Deep differences part 1: A haiku

Photo by Seema Miah on Unsplash

I was recently invited to write a haiku about deep differences at Goshen College. The invitation came from Eboo Patel, as part of the Deep Differences Project of Interfaith Youth Core (IFYC) and Heterodox Academy (HxA). Here’s what I wrote:

Deep differences lurk

We long to connect, wond’ring:

Who are you? Am I safe?

In this age of loneliness, our longing for connection is exquisitely real. We want to know and be known to one another. But real connection feels vulnerable, risky. The differences between us have become scary.

We have become afraid of deep differences because they too often manifest in words or other expressions that cause pain — wittingly or unwittingly. I submit that it is not our visible differences (race or ethnicity or gender per se) that inflict pain or cause anxiety. It is our viewpoints and how we express them.

I’ve also been thinking about the role of disgust in how we react to other people. Disgust is considered to be one of seven basic human emotions. I have thought a lot about disgust, having spent a good part of my research career studying hygiene and sanitation. Disgust plays an important role in protecting us from pathogens. There is a good reason why flies, slime and feces elicit disgust.

It is problematic however, when we begin to feel disgust toward a group of people. We recoil — the opposite of connection. Paul Ekman, the scholar of human emotions who consulted for the fabulous movie Inside Out, has written that societies often teach “the avoidance of certain groups of people deemed physically or morally disgusting and, thus, [disgust] can be a driving force in dehumanizing and degrading others.”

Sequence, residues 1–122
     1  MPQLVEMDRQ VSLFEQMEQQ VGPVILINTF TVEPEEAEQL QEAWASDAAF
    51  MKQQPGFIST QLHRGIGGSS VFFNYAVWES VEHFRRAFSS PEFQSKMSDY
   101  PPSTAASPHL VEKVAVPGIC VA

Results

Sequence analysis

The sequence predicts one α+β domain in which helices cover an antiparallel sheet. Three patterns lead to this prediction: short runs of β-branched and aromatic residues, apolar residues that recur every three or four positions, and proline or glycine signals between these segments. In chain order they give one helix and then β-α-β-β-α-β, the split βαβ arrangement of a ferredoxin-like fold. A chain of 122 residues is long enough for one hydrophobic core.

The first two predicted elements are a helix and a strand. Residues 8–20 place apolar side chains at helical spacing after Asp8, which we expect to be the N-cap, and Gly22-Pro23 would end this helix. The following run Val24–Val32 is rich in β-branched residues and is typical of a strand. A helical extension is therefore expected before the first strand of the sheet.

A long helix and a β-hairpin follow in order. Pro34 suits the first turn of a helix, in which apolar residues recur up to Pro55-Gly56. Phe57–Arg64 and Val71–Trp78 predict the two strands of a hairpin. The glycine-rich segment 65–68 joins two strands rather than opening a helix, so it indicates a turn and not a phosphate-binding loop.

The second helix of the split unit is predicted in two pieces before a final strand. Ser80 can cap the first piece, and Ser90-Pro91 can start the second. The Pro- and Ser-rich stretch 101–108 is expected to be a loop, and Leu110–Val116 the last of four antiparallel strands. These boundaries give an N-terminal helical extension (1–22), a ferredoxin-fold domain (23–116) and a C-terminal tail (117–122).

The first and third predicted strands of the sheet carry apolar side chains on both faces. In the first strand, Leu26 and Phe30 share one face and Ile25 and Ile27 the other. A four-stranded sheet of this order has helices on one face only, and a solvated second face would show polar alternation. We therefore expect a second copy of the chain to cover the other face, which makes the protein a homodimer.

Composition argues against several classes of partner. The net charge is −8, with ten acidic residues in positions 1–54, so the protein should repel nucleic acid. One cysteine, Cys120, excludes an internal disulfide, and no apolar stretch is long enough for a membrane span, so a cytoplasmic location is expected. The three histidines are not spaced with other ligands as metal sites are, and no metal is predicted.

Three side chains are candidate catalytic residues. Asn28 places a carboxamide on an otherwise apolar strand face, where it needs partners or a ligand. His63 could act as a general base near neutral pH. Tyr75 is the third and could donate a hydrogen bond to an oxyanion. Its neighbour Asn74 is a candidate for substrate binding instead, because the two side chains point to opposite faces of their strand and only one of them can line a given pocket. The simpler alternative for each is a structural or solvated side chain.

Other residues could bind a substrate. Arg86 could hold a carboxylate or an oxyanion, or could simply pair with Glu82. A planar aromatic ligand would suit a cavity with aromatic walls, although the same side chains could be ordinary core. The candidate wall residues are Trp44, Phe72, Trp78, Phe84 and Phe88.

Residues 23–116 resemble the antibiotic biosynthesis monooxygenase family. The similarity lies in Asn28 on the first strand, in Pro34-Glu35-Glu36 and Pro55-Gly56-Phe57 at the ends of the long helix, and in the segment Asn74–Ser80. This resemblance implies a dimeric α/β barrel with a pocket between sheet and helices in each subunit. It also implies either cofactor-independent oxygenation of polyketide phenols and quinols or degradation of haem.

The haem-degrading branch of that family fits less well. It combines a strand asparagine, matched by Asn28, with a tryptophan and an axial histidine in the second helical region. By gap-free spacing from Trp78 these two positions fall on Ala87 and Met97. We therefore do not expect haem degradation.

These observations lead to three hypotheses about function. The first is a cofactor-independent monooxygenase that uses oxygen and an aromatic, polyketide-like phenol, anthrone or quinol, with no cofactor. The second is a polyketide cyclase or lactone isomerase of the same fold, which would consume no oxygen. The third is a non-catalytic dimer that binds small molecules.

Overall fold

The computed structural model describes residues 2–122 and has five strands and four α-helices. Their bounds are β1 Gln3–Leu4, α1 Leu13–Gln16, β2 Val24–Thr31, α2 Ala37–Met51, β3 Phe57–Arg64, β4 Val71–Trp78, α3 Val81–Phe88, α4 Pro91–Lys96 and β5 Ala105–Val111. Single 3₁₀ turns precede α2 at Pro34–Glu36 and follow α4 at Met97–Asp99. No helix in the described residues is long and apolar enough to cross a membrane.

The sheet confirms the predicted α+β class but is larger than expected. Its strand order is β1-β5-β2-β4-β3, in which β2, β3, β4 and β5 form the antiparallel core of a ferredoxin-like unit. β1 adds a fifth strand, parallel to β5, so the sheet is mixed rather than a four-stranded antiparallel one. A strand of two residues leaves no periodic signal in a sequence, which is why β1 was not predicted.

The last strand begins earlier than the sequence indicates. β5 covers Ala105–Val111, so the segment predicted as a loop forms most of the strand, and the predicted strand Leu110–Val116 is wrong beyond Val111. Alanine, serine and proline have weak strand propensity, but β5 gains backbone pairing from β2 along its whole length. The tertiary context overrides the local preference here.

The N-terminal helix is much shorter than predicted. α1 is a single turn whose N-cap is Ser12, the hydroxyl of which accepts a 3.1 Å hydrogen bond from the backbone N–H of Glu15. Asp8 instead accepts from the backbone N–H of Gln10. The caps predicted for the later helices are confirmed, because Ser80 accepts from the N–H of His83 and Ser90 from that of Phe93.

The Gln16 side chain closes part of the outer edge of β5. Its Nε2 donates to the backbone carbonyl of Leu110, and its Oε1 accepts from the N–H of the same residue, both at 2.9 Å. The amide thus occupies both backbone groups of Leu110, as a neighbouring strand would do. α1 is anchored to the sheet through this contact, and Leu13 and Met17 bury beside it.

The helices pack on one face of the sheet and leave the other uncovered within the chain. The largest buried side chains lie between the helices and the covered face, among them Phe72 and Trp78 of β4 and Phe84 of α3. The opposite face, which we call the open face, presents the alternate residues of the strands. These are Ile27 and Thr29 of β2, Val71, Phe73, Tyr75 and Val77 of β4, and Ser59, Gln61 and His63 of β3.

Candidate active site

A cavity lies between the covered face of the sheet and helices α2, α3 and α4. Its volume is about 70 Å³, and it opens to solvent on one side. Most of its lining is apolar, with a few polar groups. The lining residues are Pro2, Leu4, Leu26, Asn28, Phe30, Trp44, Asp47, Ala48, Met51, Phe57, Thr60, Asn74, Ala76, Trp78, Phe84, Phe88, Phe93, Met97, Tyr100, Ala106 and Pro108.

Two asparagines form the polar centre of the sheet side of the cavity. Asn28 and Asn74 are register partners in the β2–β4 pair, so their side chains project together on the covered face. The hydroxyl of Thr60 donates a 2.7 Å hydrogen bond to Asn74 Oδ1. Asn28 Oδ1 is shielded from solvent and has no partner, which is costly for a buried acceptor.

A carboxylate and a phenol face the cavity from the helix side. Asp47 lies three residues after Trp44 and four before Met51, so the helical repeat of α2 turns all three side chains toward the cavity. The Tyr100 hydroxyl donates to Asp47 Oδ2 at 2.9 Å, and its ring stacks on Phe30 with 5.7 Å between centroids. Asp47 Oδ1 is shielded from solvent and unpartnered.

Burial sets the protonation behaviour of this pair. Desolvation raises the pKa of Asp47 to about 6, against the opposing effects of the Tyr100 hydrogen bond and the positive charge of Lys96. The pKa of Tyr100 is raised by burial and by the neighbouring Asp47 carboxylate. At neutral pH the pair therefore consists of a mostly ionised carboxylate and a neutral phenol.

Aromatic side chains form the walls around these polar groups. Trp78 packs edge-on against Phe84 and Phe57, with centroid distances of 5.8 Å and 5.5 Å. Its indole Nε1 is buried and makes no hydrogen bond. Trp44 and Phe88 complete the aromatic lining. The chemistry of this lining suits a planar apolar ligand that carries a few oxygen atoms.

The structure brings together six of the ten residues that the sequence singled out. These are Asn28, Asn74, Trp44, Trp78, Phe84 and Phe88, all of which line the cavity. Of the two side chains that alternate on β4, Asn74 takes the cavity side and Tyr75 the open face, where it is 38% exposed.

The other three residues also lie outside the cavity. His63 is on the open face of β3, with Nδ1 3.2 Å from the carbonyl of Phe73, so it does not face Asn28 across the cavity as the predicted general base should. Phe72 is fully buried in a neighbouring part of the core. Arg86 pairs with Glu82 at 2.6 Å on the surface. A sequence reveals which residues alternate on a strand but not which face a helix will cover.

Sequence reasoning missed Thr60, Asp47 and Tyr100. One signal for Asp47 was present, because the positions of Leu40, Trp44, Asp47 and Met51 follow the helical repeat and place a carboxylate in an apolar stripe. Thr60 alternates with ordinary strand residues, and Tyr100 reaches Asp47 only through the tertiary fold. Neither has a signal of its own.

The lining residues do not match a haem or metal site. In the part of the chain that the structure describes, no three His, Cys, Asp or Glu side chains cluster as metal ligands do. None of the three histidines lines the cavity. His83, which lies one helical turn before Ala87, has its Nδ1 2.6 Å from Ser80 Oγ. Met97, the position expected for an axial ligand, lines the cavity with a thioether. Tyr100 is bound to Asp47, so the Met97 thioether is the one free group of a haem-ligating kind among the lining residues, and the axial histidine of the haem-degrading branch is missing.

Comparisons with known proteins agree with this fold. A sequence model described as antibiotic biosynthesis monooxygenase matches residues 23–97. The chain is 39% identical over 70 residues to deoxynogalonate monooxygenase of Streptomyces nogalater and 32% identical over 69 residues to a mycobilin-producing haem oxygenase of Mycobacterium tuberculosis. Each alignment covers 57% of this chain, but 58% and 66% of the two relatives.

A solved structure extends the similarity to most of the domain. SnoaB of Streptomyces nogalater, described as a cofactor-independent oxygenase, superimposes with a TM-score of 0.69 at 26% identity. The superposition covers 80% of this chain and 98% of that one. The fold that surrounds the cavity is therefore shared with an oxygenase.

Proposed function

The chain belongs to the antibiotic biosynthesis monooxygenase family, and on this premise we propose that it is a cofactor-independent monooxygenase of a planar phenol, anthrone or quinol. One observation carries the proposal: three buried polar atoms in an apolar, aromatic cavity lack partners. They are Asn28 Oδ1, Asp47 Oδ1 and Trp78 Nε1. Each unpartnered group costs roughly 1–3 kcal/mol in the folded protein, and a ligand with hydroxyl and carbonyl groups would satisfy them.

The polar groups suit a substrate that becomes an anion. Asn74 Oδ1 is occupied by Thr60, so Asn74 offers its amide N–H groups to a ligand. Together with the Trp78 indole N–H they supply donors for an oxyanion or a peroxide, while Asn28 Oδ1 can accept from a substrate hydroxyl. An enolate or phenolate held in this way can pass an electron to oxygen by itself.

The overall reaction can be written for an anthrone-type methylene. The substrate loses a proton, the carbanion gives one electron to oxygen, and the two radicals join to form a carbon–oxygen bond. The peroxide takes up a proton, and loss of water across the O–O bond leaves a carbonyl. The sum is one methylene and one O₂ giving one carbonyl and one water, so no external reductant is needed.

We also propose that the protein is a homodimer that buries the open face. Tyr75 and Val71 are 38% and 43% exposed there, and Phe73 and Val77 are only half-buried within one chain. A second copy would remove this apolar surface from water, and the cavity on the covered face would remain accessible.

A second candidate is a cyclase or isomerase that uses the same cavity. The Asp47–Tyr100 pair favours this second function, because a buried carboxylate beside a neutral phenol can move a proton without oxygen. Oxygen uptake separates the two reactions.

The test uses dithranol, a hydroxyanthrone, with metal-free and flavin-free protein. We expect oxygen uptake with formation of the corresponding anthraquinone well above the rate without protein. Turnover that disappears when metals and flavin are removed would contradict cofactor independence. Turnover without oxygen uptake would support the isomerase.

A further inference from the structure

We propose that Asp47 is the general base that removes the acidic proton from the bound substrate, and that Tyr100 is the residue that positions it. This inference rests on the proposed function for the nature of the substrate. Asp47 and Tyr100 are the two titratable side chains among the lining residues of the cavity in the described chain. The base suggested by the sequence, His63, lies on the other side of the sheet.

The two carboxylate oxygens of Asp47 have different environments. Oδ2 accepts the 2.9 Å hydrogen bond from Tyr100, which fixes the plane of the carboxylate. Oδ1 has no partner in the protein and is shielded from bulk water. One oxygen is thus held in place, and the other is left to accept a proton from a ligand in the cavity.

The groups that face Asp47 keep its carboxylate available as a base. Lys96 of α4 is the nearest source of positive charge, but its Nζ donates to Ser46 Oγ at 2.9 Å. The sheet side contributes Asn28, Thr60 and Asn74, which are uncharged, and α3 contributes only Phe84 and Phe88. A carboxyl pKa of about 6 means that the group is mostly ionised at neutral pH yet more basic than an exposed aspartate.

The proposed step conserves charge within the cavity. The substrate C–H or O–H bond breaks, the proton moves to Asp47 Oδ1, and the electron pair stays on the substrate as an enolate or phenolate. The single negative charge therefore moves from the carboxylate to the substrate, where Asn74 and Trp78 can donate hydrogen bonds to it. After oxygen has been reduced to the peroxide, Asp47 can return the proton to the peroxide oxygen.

Some streams of Christianity, including many Anabaptist-Mennonites, emphasize purity as a form of morality. Consciously or subconsciously, an emphasis on purity increases disgust. “Do not touch that — it is disgusting!” is akin to: “Do not be/think/say that!” Reflect for a moment about what groups of people disgust you. When our differences become disgusting, it becomes nearly impossible to productively engage our diversity.

Goshen College is rooted in the way of Jesus, and Jesus was not fixated on purity. He broke Sabbath rules, healed bleeding women, had lunch with tax collectors, forgave adulterers, touched lepers, took children — probably even snotty ones with dirty feet — onto his lap. Ekman has found that the capacity to suspend our disgust may be essential to care and compassion; “This suspension of disgust establishes intimacy and may even strengthen love and community.”

Here’s an idea worth exploring: that at Goshen College we are so deeply rooted in Jesus that we invite puritanical evangelical conservatives and puritanical liberal progressives to suspend their disgust with one another. 

What would that look like? I’ll share more thoughts in my next blog.

Rebecca Stoltzfus